What is the treatment for scoliosis?

Specific treatment of scoliosis will be determined by your child’s physician based on:

  • Your child’s age, overall health and medical history
  • The cause of the scoliosis
  • The extent of the condition
  • Your child’s tolerance for specific medications, procedures or therapies
  • Expectations for the course of the condition
  • Your opinion or preference

The goal of treatment is to stop the progression of the curve and prevent deformity. Treatment may include:

  • Observation and repeated examinations – Observation and repeated examinations may be necessary to determine if the spine is continuing to curve, and are used when a person has a curve of less than 25 degrees and is still growing. Progression of the curve depends on the amount of skeletal growth or the skeletal maturity of the child. Curve progression slows down or stops after the child reaches puberty.
  • Bracing – Bracing may be used when the curve measures more than 25 to 30 degrees on an X-ray, but skeletal growth remains. It may also be necessary if a person is growing and has a curve between 20 and 29 degrees, that isn’t improving. The type of brace and the amount of time spent in the brace will depend on your child’s condition.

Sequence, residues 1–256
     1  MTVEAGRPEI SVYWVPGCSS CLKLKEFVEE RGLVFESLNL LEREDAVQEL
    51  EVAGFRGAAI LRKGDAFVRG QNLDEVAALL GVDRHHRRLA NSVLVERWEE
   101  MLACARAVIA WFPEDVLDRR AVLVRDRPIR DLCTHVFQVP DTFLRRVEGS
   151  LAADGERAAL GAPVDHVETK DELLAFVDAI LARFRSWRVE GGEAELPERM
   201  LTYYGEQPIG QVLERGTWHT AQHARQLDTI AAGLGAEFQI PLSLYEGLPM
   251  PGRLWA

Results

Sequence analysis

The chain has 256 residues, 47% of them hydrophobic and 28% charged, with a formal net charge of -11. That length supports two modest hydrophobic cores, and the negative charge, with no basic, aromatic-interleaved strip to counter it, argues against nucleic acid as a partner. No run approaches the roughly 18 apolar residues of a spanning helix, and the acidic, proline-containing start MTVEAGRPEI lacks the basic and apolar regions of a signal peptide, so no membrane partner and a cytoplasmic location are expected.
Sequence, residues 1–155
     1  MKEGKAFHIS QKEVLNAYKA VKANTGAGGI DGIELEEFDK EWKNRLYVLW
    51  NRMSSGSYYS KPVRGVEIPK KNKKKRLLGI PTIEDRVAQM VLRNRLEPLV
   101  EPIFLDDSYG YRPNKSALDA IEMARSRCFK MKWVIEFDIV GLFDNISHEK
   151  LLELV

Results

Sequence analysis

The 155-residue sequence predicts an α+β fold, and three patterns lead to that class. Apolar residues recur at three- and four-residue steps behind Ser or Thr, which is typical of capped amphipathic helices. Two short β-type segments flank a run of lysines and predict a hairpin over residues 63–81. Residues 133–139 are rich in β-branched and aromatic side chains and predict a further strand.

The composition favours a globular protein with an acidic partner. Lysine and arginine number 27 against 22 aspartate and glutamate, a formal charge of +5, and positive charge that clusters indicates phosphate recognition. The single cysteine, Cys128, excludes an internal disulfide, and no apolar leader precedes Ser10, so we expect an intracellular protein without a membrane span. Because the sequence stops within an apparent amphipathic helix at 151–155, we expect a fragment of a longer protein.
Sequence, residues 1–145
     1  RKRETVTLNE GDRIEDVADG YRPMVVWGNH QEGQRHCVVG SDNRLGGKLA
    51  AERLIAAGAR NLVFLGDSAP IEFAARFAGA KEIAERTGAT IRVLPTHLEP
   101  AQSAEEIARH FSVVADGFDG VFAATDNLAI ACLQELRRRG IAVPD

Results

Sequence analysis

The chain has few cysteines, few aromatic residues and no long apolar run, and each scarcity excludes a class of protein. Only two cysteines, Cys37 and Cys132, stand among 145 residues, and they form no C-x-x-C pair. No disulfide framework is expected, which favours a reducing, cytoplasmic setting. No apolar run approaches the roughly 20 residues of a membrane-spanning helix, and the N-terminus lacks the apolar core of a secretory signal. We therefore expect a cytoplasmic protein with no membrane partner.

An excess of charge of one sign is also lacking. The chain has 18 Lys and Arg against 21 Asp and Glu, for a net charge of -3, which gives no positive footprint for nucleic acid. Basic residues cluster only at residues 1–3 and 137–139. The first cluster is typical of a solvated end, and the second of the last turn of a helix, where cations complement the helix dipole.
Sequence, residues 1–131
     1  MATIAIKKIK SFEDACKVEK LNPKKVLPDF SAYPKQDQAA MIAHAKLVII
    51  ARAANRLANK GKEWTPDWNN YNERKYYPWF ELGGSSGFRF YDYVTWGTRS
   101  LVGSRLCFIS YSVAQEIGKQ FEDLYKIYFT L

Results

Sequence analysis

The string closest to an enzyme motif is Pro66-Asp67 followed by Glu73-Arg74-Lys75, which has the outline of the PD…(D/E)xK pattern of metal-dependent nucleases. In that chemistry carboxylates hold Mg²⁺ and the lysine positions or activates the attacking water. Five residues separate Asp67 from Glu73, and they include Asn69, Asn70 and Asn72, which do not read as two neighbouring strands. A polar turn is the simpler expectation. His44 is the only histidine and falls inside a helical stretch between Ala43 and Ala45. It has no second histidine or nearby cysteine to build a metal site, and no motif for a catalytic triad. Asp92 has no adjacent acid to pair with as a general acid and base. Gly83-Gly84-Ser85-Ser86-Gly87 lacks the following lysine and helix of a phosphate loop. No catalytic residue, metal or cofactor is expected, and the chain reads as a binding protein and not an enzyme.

• Surgery – Surgery may be recommended when the curve measures 45 degrees or more on an X-ray and bracing isn’t successful in slowing down the progression of the curve when a person is still growing.

According to the National Institute of Arthritis and Musculoskeletal and Skin Disorders, there is no scientific evidence to show that other methods for treating scoliosis (for example, chiropractic manipulation, electrical stimulation, nutritional supplementation and exercise) prevent the progression of the disease.

What is the long-term outlook for a child with scoliosis?

The management of scoliosis is individualized for each child depending on his or her age, amount of curvature and amount of time remaining for skeletal growth. Scoliosis will require frequent examinations by your child’s physician to monitor the curve as your child grows and develops. Early detection is important. If left untreated, scoliosis can cause problems with heart and lung function.